Research

Overview

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The Green laboratory is focused on integrating macromolecular design with controlled synthesis techniques to produce hierarchical and multifunctional materials. In particular, our lab is interested in understanding the interplay between electrostatic interactions and microstructure, inter-phase interactions, thermomechanical properties, and transport. Currently, we have active research efforts to apply these fundamental efforts to improving the water permeability through membranes for osmotically driven water purification, tailoring the surface activity of silicone surfactants and electrospun fibers, studying the polymer microphase separation of ion-containing block polymers, analyzing the ability of phase-separated ionomers to template nanoparticle location, developing innovative matrix chemistries for thermosets and nanocomposites, and engineering ionomer solution assemblies for biomedical therapies.

Water purification and desalination

desalination

 Polymeric membranes for filtration and desalination applications play a critical role in producing the billions of gallons of water required daily.  Current polymers used as water desalination membranes suffer from coupled water sorption and salt selectivity, which leads to membranes with either (1) high ion diffusion rates and low selectivity, or (2) highly selective membranes with poor diffusion rates.  Decoupling and optimizing water and ion transport in polymeric membranes is critical for reducing the energy costs of desalination devices.  Developing structure-property relationships that relate polymer morphology and chemical composition to water and ion sorption, transport behavior, and thermomechanical properties enables the design of high performance filtration membranes.  Specifically, controlled polymerization techniques facilitate precise structural control, which enables analysis of charge density; ion charge, size, and valence; the introduction and degree of crosslinking moieties; chemical, hydrolytic, and thermal stability; and polymer morphology with respect to water sorption and transport to expedite the discovery of groundbreaking desalination membranes.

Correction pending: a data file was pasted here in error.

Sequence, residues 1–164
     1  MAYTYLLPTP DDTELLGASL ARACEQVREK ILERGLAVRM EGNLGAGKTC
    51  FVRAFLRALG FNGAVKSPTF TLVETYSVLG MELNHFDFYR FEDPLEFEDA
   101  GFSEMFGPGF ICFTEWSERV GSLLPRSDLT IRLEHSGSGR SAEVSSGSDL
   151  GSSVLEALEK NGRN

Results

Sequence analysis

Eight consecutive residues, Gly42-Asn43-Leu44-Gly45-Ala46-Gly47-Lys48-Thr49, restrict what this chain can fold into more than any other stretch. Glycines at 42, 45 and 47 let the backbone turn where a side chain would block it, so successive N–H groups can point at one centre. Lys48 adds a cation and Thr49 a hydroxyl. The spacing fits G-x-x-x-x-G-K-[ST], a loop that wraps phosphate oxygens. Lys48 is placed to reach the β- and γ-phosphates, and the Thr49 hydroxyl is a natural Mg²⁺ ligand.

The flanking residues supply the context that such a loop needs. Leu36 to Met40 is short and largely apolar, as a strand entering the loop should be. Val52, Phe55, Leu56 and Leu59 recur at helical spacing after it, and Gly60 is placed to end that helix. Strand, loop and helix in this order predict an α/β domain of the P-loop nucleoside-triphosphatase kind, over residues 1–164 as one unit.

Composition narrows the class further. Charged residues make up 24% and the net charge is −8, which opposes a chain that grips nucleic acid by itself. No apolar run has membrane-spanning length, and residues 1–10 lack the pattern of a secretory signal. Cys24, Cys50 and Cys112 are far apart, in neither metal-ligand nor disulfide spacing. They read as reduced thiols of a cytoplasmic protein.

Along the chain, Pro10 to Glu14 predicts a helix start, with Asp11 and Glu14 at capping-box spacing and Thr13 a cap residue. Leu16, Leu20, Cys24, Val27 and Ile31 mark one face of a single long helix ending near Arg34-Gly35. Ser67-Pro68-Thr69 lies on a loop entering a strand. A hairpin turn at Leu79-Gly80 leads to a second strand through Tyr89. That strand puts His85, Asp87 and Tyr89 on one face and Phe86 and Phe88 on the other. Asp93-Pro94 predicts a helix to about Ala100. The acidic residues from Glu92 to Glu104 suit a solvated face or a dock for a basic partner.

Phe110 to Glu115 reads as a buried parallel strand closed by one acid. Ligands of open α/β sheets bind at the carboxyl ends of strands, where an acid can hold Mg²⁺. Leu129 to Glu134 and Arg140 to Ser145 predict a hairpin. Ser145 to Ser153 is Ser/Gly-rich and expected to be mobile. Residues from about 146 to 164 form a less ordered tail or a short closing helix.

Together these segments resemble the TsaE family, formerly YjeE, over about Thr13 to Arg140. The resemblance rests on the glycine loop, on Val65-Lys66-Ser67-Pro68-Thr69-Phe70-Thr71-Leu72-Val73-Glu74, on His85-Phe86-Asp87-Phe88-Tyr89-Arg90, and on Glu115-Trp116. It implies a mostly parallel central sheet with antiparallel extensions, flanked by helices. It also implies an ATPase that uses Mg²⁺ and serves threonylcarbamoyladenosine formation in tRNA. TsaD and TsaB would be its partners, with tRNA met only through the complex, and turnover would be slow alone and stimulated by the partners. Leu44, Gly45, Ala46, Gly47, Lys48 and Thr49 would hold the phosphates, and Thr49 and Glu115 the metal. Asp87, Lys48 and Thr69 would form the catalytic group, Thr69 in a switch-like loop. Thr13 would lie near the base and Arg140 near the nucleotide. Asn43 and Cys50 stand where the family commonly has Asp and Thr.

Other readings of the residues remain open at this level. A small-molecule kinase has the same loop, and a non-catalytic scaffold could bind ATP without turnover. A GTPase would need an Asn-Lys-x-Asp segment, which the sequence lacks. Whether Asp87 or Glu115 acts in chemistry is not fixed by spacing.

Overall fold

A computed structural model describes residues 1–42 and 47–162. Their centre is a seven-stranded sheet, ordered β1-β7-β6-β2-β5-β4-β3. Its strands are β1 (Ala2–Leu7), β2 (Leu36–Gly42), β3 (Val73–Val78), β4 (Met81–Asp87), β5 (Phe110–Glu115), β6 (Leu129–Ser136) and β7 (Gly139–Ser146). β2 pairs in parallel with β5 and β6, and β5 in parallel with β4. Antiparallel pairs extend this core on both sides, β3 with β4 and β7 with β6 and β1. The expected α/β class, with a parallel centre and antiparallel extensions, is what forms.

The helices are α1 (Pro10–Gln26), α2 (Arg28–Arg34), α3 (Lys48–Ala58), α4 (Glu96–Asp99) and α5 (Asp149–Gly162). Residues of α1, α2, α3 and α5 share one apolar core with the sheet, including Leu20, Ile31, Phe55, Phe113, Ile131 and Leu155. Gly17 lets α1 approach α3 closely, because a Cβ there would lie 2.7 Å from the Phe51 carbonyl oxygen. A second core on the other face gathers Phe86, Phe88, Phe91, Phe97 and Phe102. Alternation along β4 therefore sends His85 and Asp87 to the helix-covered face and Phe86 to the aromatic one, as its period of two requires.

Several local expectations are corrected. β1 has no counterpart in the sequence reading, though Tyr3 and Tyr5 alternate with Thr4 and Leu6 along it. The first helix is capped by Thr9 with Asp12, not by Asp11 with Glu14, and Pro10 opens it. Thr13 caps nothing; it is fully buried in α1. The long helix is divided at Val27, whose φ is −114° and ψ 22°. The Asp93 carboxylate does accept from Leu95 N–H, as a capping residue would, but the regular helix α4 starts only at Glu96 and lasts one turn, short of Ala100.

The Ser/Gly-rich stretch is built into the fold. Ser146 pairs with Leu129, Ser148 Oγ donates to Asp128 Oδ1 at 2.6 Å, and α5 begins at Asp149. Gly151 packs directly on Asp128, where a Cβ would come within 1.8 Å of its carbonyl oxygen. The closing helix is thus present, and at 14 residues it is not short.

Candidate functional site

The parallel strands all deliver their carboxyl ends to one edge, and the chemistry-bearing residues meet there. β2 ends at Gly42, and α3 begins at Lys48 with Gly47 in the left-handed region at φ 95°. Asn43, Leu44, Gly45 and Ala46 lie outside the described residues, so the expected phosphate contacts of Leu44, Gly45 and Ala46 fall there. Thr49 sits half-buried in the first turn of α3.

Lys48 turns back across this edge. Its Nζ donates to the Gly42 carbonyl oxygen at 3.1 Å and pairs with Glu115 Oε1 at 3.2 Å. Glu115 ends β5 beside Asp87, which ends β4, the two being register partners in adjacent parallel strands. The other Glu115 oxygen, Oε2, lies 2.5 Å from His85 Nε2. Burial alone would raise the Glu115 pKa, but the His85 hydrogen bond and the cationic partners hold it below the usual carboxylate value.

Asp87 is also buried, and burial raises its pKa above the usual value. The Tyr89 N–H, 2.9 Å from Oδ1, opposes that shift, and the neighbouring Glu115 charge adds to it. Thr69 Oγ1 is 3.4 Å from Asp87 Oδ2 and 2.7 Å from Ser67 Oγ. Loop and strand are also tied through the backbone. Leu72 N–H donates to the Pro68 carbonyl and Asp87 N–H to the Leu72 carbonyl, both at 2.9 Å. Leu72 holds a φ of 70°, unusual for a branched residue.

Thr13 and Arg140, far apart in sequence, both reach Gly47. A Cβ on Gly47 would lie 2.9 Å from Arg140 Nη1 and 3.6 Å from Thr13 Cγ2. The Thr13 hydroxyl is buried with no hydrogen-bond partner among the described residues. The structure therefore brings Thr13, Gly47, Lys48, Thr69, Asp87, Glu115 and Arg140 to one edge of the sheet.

Polyelectrolyte-based biomedical therapeutics

Immunostimulatory therapeutics

 Cancer produces a complex, critical, and multifaceted challenge in today’s global society.  The impact on human health combined with rapidly increasing healthcare expenditures make innovative and effective treatments vital.  However, a relatively low percentage of treatment strategies yield viable approaches that reach the clinic.  Immunotherapy offers several advantages, including: limited non-specific cell involvement, improved patient well-being during treatment, prolonged tumor regression, and efficacy against metastases that previously failed to respond to chemotherapy and/or radiation treatment.  Thus, development of a targeted therapy, such as charged block polymer conjugates, that stimulates the immune system to naturally fight the tumor offers significant potential for improved cancer treatment.  Additionally, the implications of this immunostimulatory treatment potentially translate to other infectious, allergenic, and oncologic diseases that inhibit natural immunogenic responses.

Mechanoresponsive polymer matrix composites

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The research goals of the proposed work are to investigate thermoset polymer matrix composites that deliver synthetic versatility, well-defined microstructures, and robust thermomechanical properties using a new design strategy. In particular, we will tune the nanoparticle-matrix interactions by varying the matrix chemistry and the surface functionalization of the nanoparticles. To potentially improve the understanding of composite failure mechanisms, we will incorporate complementary fluorescent nanoparticles that form Förster-resonance energy transfer (FRET) pairs, which will enable a temporal investigation of nanoparticle proximity and composite integrity under application-specific test conditions (e.g., elevated temperatures or applied tensile/shear stress). The microstructure, modulus, and optical properties can be tailored by adjusting the resin chemistry and the nanoparticle composition and loading.

Financial Supporters:

Army Research Office

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US Bureau of Reclamation

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